Devil Tactics: Abishais

I’ve got Mordenkainen’s Tome of Foes in my hot little hands, and the first request I’ve gotten is for abishais, a kind of devil-dragon hybrid. It would be lovely if they followed a nice, regular pattern of features, as dragons do, but unfortunately, they’ve inherited their fiendish progenitors’ all-over-the-place-ness.

There are certain things all abishais have in common, though:

  • Impressive natural armor, with ACs ranging from 15 up to 22.
  • Brisk flying speeds.
  • Above-average abilities across the board, with peaks varying according to type.
  • Resistance to physical damage from nonmagical, non-silvered weapons, along with cold damage (except for white abishai, which are fully immune to cold).
  • Immunity to fire and poison damage, along with the types corresponding to their draconic progenitors’ breath weapons (this means that red and green abishai don’t get an extra type), and immunity to being poisoned.
  • Long-range darkvision and telepathy.
  • Devil’s Sight (the ability to see through magical darkness), Magic Resistance and Magical Weapons.
  • At least two attacks per Multiattack action, along with additional elemental damage when they claw or bite.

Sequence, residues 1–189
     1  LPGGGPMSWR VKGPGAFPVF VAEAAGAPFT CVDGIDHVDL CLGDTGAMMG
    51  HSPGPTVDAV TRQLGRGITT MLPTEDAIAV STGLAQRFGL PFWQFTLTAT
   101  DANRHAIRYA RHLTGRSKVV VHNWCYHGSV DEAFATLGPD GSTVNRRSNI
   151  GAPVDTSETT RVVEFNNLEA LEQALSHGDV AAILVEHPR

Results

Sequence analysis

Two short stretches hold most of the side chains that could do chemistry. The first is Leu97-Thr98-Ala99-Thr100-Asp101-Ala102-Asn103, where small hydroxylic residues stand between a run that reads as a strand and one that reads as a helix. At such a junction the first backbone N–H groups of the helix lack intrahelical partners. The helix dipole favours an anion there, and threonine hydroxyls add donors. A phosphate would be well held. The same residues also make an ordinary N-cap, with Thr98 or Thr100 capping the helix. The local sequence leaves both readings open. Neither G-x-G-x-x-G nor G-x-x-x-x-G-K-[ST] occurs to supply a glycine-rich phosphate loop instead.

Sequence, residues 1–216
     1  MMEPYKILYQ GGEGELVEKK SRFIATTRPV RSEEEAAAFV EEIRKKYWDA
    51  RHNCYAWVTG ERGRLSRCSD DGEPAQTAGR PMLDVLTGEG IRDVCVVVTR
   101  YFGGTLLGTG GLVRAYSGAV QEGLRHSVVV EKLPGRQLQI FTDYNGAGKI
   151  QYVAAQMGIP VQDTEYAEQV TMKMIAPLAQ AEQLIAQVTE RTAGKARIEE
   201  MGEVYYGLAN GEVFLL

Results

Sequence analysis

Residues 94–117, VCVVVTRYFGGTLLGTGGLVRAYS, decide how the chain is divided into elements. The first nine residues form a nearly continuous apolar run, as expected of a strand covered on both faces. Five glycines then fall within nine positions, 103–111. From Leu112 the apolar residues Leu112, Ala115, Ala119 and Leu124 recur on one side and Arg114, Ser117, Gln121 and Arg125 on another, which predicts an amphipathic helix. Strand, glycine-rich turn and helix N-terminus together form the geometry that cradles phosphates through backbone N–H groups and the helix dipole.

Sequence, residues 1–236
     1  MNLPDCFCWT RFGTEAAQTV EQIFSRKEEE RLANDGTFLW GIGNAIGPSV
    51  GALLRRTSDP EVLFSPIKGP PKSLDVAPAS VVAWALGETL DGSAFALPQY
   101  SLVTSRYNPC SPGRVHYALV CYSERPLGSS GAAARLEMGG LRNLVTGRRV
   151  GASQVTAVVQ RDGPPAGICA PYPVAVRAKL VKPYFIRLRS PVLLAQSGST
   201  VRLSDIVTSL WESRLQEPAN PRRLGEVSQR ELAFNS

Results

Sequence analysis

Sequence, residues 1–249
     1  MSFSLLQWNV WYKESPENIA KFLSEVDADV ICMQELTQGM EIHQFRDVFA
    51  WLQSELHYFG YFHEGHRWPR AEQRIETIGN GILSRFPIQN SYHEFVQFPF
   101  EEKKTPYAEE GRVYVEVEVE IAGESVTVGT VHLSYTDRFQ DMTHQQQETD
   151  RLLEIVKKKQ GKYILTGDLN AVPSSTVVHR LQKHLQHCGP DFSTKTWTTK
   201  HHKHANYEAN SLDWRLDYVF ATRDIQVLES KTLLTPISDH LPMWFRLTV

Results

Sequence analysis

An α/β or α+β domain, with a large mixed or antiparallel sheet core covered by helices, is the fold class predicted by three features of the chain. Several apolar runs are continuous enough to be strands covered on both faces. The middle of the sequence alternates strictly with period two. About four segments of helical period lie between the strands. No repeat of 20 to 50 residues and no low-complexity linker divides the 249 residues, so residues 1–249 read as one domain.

So here are a few things we can already infer about abishais in general: fearlessness toward most other beings; tactics built around aerial attacks (since opportunity attacks pose little threat to them); and a strong preference for operating underground, at night or in artificial darkness. (more…)

Demon Tactics: Shoosuvas, Maw Demons and Babaus

A reader asked me to look into the shoosuva, and I just now notice that it shares an entry in Volo’s Guide to Monsters with the babau and the maw demon, so congrats, readers, today you get three for the price of one.

Shoosuvas, creations of the demon lord Yeenoghu, are fiends that function sort of like a ranger’s beast companion, except for gnolls that have distinguished themselves in battle with exceptional ferocity. They’re big and brutish, with exceptional Strength and Constitution and high Wisdom, indicating some shrewdness in target selection. They hold the rare distinction of being proficient in all of the “big three” saving throws: Dexterity, Constitution ahnd Wisdom. They’re immune to poison, can’t be charmed or frightened, and are resistant to cold, fire, lightning and physical damage from mundane weapons. Although their low Intelligence indicates a lack of adaptability and a reliance on instinctive behavior, they can speak, both normally (in Abyssal and Gnoll) and telepathically. A chaotic evil monster that can speak is a monster that taunts. Going up against one of these should terrify your players.

The shoosuva’s basic attack is a bite–tail stinger combo. The bite is a straightforward melee attack, but one that does unbelievable damage—like being bitten by a mouthful of glaives. The tail stinger does base damage more in line with what you’d expect from a Large creature, but it also delivers a venom that paralyzes targets who fail their saving throws, and it has a reach of 15 feet, allowing it to strike a second enemy farther away. (more…)